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Tuesday, December 16, 2014

The CIA Torture Report


My comment on the CIA torture report the news media and Congress have become so exercised over of late:


When the Muslim terrorists start abiding by the Geneva Conventions, then so should the CIA.


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Tuesday, December 09, 2014

It's About To Get Very, Very Ugly






Other than regularly and emphatically exercising their right to vote, my parents were not especially politically active, what with their other pressing issues and concerns.  They leaned Democratic, but that was the Democratic party of the 1950's and 1960's and 1970's, which is a totally different creature than the one we know today.   [Back in those days, the Republicans condoned too much antisemitism within their own ranks for my parents to really latch onto their wagon  --  the situation is essentially reversed today.].  My parents almost always split their tickets in the voting booth (though Dad did once write a letter to our Republican Congressman, in which he threatened to vote a straight ticket for the first time in his life if the Congressman did not come out against a particular issue.).

It was taken as a matter of faith that Jews and Blacks were in the same boat with the discrimination and prejudice, and indeed, there was much concord between the two groups (though some cracks began to appear after the riots of the early 1960's, when Black rioters looted Jewish businesses, and forays of African-Americans into what had been heavily Jewish neighborhoods caused much flight from cities to suburbs).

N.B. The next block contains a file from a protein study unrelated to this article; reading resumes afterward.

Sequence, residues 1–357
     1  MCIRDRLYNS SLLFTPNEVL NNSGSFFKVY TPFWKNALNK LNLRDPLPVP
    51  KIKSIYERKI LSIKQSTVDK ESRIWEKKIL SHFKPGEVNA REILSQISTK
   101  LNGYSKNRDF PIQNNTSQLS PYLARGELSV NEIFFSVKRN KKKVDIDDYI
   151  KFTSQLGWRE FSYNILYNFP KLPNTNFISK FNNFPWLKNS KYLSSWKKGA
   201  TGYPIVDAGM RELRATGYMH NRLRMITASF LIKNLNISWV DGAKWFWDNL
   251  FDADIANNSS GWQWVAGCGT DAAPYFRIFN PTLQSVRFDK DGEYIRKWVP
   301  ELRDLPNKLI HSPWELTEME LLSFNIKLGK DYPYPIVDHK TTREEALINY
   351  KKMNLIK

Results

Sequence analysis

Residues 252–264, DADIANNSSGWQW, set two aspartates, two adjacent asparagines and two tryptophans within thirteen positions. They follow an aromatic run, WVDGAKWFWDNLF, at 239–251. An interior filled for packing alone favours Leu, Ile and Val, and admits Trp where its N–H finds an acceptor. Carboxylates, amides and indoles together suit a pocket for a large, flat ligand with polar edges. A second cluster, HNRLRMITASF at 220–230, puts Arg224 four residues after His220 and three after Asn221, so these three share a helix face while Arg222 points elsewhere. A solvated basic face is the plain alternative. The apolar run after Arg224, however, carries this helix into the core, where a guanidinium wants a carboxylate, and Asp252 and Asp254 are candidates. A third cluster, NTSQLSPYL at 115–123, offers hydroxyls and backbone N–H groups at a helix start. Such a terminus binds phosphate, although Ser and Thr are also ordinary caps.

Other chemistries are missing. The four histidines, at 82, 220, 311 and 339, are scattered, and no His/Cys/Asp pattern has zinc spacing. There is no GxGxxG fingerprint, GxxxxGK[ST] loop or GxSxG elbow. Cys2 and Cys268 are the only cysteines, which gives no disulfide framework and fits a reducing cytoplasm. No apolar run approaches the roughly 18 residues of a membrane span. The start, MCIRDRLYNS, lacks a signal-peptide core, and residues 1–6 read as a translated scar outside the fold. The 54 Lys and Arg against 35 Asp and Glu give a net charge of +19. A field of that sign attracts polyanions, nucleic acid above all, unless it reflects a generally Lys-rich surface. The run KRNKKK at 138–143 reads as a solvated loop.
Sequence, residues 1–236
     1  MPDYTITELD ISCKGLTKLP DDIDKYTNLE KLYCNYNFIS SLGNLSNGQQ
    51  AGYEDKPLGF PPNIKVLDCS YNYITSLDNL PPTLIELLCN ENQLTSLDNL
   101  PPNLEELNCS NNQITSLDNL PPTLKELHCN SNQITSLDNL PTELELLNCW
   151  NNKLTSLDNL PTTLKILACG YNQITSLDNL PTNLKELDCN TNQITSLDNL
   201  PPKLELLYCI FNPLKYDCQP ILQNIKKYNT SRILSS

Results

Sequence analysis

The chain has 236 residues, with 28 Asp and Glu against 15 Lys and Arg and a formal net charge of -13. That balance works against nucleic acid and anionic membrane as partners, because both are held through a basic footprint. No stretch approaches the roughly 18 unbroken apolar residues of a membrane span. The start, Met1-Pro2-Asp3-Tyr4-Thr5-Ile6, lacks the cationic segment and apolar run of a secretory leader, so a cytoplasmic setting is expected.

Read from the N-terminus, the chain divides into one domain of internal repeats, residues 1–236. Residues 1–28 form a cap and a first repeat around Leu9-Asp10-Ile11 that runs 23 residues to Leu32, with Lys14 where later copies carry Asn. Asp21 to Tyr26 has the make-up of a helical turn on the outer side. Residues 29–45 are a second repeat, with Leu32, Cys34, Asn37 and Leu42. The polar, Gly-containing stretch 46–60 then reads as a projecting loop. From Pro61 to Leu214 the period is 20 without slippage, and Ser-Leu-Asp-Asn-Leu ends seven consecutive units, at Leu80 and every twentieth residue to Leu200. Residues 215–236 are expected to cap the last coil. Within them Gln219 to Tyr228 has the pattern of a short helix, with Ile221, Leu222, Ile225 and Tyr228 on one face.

Though some so-called Jewish "leaders" hew to that amity, it has long been a thing of the past, as the Black community leadership niches were filled by many who did not and do not measure up to the standards of a Martin Luther King.

Fast-forward to 9 December 2014.  The rabble-rousers and hatemongers in the Black community are already causing all kinds of disturbances in America because some police officers dared to try to arrest some Black thugs and criminals.  [N.B.  This is not to say that there should be no accountability for the police, and indeed, one component of such accountability would be body cameras.].  And then, a Black man, quite possibly with mental health issues, goes into a synagogue in Brooklyn, shouts "kill the Jews," and stabs a Jewish worshipper.   [Not just any synagogue, but the one at the headquarters of a major Jewish religious movement.].   The police arrive, the assailant resist arrest and makes threatening gestures, and is shot dead by the NYPD.  The incident was captured on video.

And the stabbing victim is reportedly not doing well in the hospital.